Bharti Airtel has offered $10.70 billion to buy Kuwait-based Zain Telecom’s mobile operations in Africa
India's largest telecom operator Bharti Airtel Ltd on Monday said that it has offered $10.70 billion (nearly Rs50,000 crore) to buy Kuwait-based Zain Telecom's mobile operations in Africa, in a deal that would catapult India's largest private telecom firm in the league of the world's top ten operators, reports PTI.
"Bharti and Zain have agreed to enter into exclusive discussions until 25 March 2010 for the acquisition of Zain's African unit based on an enterprise value of $10.7 billion," the company said in a statement.
Zain has operations in 17 African countries and Bharti's offer covers all of them except Sudan and Morocco.
Bharti Airtel, which claims a subscriber base of over 125 million in India, would make it to the top 10 operators globally after acquisition of Zain, which has nearly 42 million users in Africa.
"This potential transaction does not include Zain's operations in Morocco and Sudan and remains subject to due diligence, customary regulatory approvals and signing of final transaction documentation," Bharti said.
This is Bharti's third attempt in the last two years to enter the African market. In September last year, Bharti's $23-billion merger talks with MTN fell through for the second time due to various reasons including regulatory approvals.
Other than India, Bharti has operations in Sri Lanka and Bangladesh. Bharti had recently recast its top management and had created a separate unit headed by chief executive officer Manoj Kohli to look into overseas opportunities.
With tariffs touching rock bottom and entry of eight new mobile players, Bharti has been facing tough competition in the domestic market and was looking for opportunities in the overseas market to spread its footprint.
"There can be no assurance that a transaction will be consummated. Further announcements will be made in due course," Bharti said in a statement.
Yesterday, the board of directors of Zain Group, formerly known as MTC, unanimously approved the sale of the group's assets in Africa to Bharti.
A consortium of Asian investors has for months been trying to buy Zain's stakes estimated to be worth $13.70 billion from Kuwaiti family conglomerate Kharafi Group, which is one of the main shareholders in Zain. In October last year, Zain halted talks to sell its African assets.
India's WPI rose to 8.56% as food items such as sugar, potatoes and pulses turned costlier. In January, sugar prices rose by 59% compared with last year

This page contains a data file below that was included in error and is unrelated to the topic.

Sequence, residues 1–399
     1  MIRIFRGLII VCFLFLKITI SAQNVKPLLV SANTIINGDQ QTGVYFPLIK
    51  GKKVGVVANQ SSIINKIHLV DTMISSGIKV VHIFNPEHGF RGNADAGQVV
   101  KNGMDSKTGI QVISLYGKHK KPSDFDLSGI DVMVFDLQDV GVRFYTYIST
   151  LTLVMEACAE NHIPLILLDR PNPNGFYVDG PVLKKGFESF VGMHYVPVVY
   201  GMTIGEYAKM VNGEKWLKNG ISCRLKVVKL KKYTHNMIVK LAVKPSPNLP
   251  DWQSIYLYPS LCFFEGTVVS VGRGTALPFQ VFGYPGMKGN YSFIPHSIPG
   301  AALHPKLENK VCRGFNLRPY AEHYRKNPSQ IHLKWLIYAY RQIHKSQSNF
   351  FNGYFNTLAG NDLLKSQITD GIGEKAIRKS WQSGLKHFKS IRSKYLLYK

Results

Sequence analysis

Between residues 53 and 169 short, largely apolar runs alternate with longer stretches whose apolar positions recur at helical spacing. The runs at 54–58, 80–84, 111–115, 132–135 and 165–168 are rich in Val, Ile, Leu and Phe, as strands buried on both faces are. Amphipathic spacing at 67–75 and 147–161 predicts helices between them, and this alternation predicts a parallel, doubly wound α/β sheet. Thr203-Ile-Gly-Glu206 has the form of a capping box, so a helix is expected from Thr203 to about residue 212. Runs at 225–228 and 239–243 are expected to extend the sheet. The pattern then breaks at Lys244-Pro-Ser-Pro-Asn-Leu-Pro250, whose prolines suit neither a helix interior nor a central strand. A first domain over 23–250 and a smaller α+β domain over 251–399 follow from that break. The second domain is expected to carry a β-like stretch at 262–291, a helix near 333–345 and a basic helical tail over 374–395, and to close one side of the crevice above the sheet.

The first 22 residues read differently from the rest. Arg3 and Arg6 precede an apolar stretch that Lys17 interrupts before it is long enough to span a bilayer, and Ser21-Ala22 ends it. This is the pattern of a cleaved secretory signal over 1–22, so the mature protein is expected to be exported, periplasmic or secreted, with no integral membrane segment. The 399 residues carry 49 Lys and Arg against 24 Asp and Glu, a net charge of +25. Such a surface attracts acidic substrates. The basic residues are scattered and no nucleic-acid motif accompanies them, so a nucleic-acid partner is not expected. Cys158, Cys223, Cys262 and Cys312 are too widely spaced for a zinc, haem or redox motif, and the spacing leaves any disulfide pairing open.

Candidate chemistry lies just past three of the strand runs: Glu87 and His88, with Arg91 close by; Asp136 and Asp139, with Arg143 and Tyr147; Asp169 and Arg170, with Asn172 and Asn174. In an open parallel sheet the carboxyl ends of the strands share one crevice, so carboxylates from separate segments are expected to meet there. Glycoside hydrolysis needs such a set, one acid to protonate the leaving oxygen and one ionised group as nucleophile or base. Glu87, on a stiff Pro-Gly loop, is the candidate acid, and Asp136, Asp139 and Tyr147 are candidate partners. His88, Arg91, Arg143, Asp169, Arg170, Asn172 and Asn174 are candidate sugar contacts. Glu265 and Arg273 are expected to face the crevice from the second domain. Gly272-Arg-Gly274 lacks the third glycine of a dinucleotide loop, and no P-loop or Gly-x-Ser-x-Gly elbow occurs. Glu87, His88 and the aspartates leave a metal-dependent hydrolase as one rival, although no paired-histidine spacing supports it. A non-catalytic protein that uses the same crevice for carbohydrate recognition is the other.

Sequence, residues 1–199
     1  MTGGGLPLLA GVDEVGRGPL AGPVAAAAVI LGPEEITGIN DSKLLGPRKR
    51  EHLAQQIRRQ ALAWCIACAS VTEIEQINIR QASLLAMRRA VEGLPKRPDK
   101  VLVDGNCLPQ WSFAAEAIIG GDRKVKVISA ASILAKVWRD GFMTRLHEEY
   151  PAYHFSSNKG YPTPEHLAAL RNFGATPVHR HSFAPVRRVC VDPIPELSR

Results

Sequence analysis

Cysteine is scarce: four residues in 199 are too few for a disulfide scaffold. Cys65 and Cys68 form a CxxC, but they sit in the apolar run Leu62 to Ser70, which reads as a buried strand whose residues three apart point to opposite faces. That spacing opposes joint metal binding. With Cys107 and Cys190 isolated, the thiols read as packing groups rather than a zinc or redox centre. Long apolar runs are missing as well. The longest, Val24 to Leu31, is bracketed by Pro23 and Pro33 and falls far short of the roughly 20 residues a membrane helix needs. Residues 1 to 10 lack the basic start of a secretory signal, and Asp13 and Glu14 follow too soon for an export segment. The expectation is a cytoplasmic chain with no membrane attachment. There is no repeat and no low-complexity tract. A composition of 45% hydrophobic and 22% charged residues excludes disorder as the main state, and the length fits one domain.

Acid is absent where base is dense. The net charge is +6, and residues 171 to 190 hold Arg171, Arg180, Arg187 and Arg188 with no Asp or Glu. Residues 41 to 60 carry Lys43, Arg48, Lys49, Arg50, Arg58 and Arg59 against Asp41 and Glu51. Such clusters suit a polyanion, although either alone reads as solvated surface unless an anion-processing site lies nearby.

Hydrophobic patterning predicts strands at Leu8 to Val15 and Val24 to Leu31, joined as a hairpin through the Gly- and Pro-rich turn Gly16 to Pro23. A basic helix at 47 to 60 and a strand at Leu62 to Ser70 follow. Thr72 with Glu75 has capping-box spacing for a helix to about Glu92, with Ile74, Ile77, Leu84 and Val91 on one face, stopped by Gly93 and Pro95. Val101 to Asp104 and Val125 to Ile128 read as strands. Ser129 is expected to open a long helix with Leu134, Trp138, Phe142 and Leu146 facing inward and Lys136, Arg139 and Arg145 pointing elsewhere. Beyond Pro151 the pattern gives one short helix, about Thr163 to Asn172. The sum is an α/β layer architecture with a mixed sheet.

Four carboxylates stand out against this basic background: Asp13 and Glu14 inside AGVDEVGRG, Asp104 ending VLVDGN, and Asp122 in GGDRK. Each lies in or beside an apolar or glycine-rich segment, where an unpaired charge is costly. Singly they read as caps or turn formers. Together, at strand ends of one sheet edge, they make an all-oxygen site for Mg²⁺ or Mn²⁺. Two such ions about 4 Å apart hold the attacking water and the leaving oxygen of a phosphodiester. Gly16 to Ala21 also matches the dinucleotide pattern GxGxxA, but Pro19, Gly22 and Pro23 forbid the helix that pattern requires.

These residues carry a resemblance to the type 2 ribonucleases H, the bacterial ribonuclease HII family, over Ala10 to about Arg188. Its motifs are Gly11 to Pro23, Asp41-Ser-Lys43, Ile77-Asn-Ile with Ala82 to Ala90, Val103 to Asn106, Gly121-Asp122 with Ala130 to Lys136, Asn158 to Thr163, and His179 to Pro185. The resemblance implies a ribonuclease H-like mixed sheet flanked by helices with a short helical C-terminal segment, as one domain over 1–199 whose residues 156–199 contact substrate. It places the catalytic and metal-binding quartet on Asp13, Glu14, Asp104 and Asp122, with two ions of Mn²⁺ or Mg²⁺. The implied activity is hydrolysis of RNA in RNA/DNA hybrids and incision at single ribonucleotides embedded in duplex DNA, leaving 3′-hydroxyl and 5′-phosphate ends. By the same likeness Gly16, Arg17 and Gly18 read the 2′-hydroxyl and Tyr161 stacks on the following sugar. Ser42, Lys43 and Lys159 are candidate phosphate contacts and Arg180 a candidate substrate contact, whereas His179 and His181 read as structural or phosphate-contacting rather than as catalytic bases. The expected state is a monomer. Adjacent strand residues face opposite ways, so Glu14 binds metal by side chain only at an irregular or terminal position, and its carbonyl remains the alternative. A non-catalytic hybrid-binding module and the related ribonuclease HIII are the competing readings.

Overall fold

Wholesale price-based inflation rose to 8.56% in January, shooting past the Reserve Bank of India (RBI)'s forecast of 8.5% for this fiscal end, as food items such as sugar, potatoes and pulses turned costlier. Overall inflation in December was 7.31%.
In January, sugar prices rose by 59% year-on-year (y-o-y) while potatoes turned costlier by 53.4% and pulses by 45.6%. On a monthly basis, prices of masur increased by 9%, arhar by 6% and wheat by 4%.
The fuel index rose by 1.8% due to higher prices of naphtha that rose 21%. Furnace oil rose 6% while bitumen, non-coking coal and light diesel oil rose 3% each.
To tame inflation, the RBI, in its quarterly monetary review, had asked banks to keep aside more cash with them. It hiked the cash reserve ratio—the amount banks have to park with the apex bank—by 75 basis points to 5.75%, which would mop up Rs36,000 crore from the system.
The RBI has also raised the inflation projection to 8.5% by this fiscal-end from 6.5%.
More than 50% of executives from major corporations in West Asia and Africa agree that surviving 2010 would remain a challenge
The corporate world is still nervous about economic recovery, a survey of senior executives at nearly 900 major companies worldwide has revealed, reports PTI.
More than 50% of executives from major corporations in West Asia and Africa took part in the study conducted by global consultancy firm Ernst & Young (E&Y).
The research revealed that over half (53%) of the companies agreed that surviving 2010 would still remain a challenge compared to nearly three-quarters who had said that they were focused on securing the survival of their present business last year.
However, the percentage looking to pursue new ventures this year has also risen to 34% from 19% in January 2009.
Companies focused on improving the performance of their current assets were down to 27% from 39%, and the proportion still restructuring their business also dropped to 27% from 37% over the year.
Tariq Sadiq, West Asia markets leader, E&Y West Asia said, "The region has, in varying degrees, bucked the more extreme after-effects of the downturn."
Organisations may be less worried about survival over the next 12 months, but the return to a healthy operating environment is still some way off.
The overwhelming view is that most companies are still focused on securing the present, which means that they are still in the early stages of responding to the current environment.